**Moderator:** BenTheMan

1 post
• Page **1** of **1**

The object is a sphere with a spindle through it's center in both cases.

----O----

The object is at rest and accelerates and then stops

and reverses direction.

Both oscillate. In one case back and forth and in the

second case around the spindle.

There is a small dot on the side of the sphere. A line drawn

through the dot is on a line that is perpendicular to the spindle. O.

<- ----O.---- > back and forth

@ ----O.---- @ rotate

In both cases the dot moves the same distance and during the same period of time.

Which requires more energy rotation or straight motion and is there a very simple equation that expresses this relationship?

(An equation wherein I could insert a value

representing the variables of mass and it would tell me how much force

[relative not absolute] is needed to transverse a standard distance such as 3 centimeters.)

Would this be a linear function? Twice the distance requires two times the energy?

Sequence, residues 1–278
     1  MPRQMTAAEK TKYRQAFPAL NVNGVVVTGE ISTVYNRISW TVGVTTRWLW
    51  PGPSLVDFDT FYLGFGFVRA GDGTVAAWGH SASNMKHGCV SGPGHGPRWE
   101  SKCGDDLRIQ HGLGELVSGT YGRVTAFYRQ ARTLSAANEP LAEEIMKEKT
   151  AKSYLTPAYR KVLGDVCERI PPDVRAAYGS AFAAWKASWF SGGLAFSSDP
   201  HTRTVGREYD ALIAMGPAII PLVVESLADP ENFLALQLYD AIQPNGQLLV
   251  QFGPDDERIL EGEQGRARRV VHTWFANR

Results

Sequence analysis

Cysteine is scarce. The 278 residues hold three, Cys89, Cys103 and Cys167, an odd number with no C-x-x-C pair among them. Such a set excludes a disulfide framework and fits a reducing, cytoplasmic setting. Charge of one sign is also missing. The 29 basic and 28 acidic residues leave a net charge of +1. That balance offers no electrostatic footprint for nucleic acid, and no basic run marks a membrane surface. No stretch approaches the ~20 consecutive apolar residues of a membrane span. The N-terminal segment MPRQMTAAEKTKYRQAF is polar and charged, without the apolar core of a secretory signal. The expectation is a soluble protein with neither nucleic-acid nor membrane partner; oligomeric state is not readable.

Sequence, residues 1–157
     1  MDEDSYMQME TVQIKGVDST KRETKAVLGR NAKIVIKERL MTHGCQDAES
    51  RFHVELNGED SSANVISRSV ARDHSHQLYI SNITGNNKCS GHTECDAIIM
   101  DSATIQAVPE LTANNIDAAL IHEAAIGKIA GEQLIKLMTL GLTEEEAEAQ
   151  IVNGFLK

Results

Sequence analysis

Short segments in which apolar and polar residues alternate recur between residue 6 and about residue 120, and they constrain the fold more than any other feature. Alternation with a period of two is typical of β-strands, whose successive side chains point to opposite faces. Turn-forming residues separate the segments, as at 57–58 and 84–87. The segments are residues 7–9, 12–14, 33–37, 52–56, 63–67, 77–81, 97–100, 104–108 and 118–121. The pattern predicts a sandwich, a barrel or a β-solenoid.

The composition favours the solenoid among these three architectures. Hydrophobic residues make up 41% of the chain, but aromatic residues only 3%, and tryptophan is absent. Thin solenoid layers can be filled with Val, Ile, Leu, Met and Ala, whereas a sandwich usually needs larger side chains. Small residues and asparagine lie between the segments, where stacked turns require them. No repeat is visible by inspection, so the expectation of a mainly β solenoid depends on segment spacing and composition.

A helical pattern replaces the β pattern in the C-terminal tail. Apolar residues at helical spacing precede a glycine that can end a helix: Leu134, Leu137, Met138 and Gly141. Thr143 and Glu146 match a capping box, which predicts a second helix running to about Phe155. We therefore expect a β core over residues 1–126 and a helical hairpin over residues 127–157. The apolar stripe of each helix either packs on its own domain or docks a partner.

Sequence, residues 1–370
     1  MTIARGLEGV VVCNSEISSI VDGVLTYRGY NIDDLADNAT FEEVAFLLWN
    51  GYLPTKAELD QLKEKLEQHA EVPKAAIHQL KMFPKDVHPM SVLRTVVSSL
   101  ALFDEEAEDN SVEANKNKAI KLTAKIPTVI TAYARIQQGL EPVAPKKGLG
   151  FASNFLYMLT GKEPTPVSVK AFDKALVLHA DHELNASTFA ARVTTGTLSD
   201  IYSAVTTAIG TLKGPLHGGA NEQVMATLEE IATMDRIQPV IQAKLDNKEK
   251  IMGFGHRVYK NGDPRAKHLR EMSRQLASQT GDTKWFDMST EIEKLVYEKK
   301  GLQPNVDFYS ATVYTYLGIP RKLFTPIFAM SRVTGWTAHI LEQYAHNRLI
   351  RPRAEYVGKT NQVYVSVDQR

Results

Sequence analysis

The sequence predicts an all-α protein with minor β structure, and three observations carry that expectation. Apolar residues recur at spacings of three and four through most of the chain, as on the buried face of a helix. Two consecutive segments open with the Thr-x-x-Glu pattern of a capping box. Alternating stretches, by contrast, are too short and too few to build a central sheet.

Thanks.

----O----

The object is at rest and accelerates and then stops

and reverses direction.

Both oscillate. In one case back and forth and in the

second case around the spindle.

There is a small dot on the side of the sphere. A line drawn

through the dot is on a line that is perpendicular to the spindle. O.

<- ----O.---- > back and forth

@ ----O.---- @ rotate

In both cases the dot moves the same distance and during the same period of time.

Which requires more energy rotation or straight motion and is there a very simple equation that expresses this relationship?

(An equation wherein I could insert a value

representing the variables of mass and it would tell me how much force

[relative not absolute] is needed to transverse a standard distance such as 3 centimeters.)

Would this be a linear function? Twice the distance requires two times the energy?

Thanks.

- JohnnyG
**Posts:**1**Joined:**March 27th, 2007, 2:27 am

1 post
• Page **1** of **1**

Users browsing this forum: No registered users